Their foray into live online concerts began a few weeks ago when Johanna decided to uphold a cherished family tradition. The Chuckarees were raised as Catholics and started playing music at St Theresa’s Roman Catholic Church. They’ve been involved in the church’s music ministry for well over 20 years. Playing music for people is what brings them joy and happiness and it was their custom to play for Mass at St Theresa’s every Saturday evening. But with the restrictions on mass gatherings in place, playing in church was no longer possible so to fill that void Johanna began ‘Spiritual Saturdays’ where she plays inspirational music live on her Facebook page. Things evolved from there.

The siblings have since performed for the Ubersoca cruise quarantine online cooler party which got a massive response. They were then contacted by the Digicel Marketing Department for the Digicel Cameo Concert and on Friday night they streamed another 45-minute concert on Facebook and Instagram live. Johann and Johanna will continue to host more online performances. Johanna has even started online piano classes.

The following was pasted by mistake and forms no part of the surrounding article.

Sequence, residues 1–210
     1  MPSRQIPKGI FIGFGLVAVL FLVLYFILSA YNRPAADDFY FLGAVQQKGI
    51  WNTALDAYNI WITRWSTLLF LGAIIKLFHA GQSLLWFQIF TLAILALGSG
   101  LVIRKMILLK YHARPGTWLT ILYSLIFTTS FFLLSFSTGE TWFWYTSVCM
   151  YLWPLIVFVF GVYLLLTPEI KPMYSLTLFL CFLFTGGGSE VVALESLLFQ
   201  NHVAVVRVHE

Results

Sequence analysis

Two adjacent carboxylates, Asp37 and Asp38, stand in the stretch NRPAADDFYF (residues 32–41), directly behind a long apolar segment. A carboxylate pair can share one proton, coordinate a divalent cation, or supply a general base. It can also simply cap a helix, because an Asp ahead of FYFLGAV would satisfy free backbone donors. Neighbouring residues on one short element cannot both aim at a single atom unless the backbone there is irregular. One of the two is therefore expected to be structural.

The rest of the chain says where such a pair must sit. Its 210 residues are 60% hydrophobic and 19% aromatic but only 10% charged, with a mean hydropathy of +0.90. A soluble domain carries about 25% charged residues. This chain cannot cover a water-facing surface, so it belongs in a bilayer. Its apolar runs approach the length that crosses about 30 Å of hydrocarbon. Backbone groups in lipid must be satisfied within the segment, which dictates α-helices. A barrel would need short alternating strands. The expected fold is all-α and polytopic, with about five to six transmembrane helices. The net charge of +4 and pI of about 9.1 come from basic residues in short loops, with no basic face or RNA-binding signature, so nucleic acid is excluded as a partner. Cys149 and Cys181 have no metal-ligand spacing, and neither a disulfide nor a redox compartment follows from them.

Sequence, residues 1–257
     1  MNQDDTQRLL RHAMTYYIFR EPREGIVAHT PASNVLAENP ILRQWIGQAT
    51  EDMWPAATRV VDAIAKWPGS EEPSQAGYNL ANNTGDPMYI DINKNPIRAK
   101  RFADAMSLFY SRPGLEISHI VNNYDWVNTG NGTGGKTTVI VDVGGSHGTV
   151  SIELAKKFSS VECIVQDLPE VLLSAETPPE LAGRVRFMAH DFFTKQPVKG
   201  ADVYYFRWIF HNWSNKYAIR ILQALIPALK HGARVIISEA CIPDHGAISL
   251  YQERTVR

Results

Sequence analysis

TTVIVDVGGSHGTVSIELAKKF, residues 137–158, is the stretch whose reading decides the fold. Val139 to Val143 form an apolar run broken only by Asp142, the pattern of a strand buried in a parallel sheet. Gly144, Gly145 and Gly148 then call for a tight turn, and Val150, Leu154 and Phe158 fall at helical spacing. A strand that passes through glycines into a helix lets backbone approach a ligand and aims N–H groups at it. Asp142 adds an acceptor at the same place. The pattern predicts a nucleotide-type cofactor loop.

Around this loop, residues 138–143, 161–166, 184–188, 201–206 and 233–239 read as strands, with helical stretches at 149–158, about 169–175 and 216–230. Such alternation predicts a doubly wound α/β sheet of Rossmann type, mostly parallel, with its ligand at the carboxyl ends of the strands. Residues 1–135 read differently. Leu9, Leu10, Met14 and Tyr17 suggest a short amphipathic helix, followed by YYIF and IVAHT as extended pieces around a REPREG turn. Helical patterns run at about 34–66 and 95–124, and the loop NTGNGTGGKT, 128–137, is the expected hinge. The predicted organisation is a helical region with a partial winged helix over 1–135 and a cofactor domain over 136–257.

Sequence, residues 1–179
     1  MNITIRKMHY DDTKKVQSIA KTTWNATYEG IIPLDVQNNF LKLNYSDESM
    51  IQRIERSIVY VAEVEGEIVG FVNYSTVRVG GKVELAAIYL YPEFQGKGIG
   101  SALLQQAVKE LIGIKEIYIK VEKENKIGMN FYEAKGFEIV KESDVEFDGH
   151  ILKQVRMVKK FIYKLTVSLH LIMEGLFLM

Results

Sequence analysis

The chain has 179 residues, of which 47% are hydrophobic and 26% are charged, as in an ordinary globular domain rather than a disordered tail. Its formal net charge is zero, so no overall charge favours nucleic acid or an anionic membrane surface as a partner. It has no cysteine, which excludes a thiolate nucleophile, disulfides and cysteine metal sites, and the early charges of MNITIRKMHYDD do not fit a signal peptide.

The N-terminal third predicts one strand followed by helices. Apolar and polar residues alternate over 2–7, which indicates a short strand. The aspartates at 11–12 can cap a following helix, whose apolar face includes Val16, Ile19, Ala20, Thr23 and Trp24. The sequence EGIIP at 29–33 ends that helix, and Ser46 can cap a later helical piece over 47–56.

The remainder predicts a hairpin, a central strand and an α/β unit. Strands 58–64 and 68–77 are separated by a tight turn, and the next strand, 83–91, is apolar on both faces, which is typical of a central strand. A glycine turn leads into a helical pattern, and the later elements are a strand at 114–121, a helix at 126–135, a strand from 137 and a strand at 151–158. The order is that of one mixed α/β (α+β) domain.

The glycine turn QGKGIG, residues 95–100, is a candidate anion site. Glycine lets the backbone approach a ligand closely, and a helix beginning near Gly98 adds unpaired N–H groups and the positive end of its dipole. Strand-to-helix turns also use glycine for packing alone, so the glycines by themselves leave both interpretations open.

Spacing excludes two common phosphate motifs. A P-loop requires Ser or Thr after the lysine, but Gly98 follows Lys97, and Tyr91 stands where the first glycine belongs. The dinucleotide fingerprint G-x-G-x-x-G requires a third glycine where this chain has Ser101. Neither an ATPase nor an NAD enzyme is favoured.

Pan is me

It’s not enough to say that the Chuckarees love music when the reality is that music is as important to them as the blood that runs through their veins. At the urging of their parents, Johann began piano lessons at the age of four. In the meantime his sisters Christine and Johanna were in a pan side at St Joseph’s Convent, Port of Spain under the direction of Anthony Prospect. They brought home a pan so that they could practise and Johann was intrigued. It was at that point that he picked up the musical instrument.

“I do love the piano and keyboard and I play them wholeheartedly as well, but the pan sought me out,” he says.

Because of their geographical location (the Chuckarees grew up in Woodbrook) their parents took them to the panyard regularly. Being a part of that cultural hub had a great influence on Chuckaree.